Raise the Mowing Height
I almost feel like I am beating a dead horse on this point, but I see it every day- lawns shaved within an inch of their life. Raise the height of your mower in the summer! This is easiest way to ensure the health of your lawn through the summer. When in doubt, just raise the mower all the way to its tallest setting. You never want to cut more than about one-third of your grass in any single session. Yes, this does mean you'll need to mow with a little more regularity, but don't fret: the growth of your lawn will slow considerably as the temperature average goes up. By maintaining a tall lawn, you deter weed growth and allow the grass to root deeper into the soil.

Mulch rather than Bag
I will admit right off that I am a mulcher. I know there are very opinionated camps on mulching vs. bagging. I hate to bag the grass, it doubles the time it takes me to mow. If you are mowing frequently and with a high blade, mulching does not leave grass clippings in ugly rows on your lawn. Done properly, grass clippings left on lawns conserve water because they protect the soil from the hot sun and thereby reduce evaporation. Also, they decompose into water absorbent humus. There are numerous municipalities in and around large cities that are encouraging residents to mulch by offering rebates and discounts for mulchers. All those grass clippings add up to huge amounts added to the landfill during the summer. If you are going to bag, I encourage you to start a compost bin to reduce the spent grass to rich nutrients you can utilize in your plant beds later.

Keep it green !
Have a super week!

Wednesday, June 2, 2010

Drip and Micro Irrigation

Greetings! Another fickle weather week here in the Midwest. We had storms yesterday all around Sioux City, but we missed the bulk of it only receiving a quarter inch of rain. Better than no rain, I suppose, but the landscape around here is fairly parched. You can tell in a glimpse who has been watering and who hasn't.

This week we are going to look at drip and micro irrigation.

Drip irrigation is the slow application of water directly to the plants' root zone. With drip irrigation water is not wasted on non-growth areas and the plant root zone is maintained at its ideal moisture level. Drip irrigation is at the surface rather than below ground. It is utilized to water plant beds, vegetable gardens and trees. It is typically placed below the rocks or mulch in the plant bed and, as the name implies, simply drips the water to the base of the plants at a slow rate.Watering at the surface results in less loss from sun or wind thus making drip irrigation very efficient. Test plots show that 90% of the water presented to plants via drip irrigation is available to the plants.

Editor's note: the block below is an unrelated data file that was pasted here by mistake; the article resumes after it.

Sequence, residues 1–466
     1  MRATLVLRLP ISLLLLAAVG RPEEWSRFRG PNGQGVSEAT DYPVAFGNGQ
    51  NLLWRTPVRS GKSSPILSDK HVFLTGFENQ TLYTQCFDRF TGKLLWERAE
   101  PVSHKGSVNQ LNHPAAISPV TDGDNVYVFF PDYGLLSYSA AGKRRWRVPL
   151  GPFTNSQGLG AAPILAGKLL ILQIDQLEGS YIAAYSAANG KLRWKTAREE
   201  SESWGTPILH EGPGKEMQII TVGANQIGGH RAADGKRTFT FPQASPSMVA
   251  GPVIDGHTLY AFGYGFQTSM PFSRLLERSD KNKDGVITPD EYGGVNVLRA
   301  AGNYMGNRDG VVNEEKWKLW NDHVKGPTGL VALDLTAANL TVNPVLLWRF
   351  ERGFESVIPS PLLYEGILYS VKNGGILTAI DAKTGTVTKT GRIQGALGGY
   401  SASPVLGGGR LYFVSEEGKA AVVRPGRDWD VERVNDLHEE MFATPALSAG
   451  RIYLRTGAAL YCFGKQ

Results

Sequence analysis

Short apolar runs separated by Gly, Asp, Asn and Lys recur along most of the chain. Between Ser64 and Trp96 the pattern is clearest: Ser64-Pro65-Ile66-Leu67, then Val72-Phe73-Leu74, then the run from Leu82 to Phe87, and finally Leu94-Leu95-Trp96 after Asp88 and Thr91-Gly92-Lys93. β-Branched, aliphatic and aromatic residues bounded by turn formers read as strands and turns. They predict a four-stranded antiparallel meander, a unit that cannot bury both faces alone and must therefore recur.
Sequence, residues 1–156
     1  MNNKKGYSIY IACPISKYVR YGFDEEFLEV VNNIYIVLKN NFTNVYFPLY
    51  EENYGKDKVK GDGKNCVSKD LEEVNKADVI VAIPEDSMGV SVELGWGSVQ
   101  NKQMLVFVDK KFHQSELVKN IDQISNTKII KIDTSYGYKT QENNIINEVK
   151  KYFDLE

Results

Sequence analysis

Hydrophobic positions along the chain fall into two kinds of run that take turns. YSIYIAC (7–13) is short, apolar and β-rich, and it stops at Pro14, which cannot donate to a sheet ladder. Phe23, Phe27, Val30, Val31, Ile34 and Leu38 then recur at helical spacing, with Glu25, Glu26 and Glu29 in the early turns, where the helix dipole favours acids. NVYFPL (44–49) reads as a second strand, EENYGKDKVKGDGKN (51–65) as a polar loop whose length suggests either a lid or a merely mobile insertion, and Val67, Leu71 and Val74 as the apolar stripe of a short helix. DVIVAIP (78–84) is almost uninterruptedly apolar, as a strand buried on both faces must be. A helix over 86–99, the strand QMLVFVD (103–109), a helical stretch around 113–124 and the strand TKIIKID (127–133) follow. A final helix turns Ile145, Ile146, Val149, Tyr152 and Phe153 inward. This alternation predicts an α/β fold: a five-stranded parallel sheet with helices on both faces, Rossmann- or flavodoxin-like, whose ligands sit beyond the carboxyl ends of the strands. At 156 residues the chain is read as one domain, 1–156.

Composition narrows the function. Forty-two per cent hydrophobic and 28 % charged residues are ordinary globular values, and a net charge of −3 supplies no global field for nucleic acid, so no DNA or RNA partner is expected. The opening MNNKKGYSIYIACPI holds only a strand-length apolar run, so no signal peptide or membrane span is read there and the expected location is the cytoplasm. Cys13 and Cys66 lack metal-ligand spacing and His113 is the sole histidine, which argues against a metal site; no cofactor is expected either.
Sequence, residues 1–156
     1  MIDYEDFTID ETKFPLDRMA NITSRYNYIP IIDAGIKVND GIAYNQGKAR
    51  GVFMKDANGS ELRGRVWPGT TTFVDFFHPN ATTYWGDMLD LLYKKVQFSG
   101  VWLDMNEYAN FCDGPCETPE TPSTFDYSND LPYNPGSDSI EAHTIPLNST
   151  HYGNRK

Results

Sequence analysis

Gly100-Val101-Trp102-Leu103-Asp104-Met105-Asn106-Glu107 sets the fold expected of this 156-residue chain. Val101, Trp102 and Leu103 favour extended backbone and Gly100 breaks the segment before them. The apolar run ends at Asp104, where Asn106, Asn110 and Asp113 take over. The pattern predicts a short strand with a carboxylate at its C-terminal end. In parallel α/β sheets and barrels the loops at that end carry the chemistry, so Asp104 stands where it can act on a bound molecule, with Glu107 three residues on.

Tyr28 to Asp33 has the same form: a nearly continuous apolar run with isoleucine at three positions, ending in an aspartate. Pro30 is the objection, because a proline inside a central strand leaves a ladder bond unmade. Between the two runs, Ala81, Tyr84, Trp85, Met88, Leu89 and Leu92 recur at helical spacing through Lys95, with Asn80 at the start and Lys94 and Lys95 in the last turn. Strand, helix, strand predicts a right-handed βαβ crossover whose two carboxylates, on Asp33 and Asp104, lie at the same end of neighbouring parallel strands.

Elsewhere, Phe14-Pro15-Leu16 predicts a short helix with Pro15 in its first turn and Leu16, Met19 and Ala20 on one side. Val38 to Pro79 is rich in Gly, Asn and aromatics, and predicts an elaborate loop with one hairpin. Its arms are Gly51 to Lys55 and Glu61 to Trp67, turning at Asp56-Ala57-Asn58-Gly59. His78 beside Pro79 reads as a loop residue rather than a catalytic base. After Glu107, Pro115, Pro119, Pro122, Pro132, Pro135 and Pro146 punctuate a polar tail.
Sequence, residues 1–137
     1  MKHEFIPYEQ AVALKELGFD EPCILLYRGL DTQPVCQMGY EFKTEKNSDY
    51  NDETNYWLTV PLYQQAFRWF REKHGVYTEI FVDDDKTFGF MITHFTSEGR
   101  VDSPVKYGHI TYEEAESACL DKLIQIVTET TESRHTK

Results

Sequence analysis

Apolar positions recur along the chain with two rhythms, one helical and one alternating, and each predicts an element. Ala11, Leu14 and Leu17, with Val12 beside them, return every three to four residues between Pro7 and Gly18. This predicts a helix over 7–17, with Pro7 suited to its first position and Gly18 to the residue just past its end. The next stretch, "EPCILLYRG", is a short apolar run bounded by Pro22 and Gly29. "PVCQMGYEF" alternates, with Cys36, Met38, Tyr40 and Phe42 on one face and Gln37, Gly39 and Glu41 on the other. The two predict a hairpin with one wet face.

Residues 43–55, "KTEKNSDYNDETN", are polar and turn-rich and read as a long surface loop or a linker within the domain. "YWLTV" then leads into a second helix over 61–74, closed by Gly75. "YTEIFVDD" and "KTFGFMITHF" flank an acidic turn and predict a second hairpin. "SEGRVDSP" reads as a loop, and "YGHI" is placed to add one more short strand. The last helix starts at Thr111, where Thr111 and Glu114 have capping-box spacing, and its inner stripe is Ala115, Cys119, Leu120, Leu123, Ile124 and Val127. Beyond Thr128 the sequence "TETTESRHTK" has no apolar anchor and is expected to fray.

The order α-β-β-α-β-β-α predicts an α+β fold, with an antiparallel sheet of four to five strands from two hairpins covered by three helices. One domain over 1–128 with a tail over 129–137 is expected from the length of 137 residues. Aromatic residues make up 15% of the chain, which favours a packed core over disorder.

Many plant varieties prefer to receive their water at the root rather than over the leaves. Rose bushes, for example,  are most happy when watered at the root. If you have the opportunity to see the lovely Rose Garden at Grandview Park you'll notice all those beautiful plants receive their water through drip irrigation.

Micro-spray irrigation is also used in plant beds and trees, but have applications in shrubbery, planters, hanging baskets and pots. The applications for these small sprayers are almost endless. Micro-sprays are likened to mini sprinkler heads. Here is one design from Hunter Industries -

Micro irrigation provides water with pin-point accuracy. The variety of micro-sprays and their various adjustments of patterns and flow rates can be custom designed to match the needs of the plants they are watering. Micro sprays are little but mighty.

One of the most overlooked facets of these types of irrigation is just how versatile they are. If you are one who is always changing things up in the plant beds, you can easily change out to another type of sprayer or shift around the emitters or drip you already have to water your new configuration.

Drip and micro-spray irrigation take the hassle out of watering plants.  Drip irrigation is a simple answer to efficiently and effectively applying water where and when you want it!

Have a super week! Keep it green!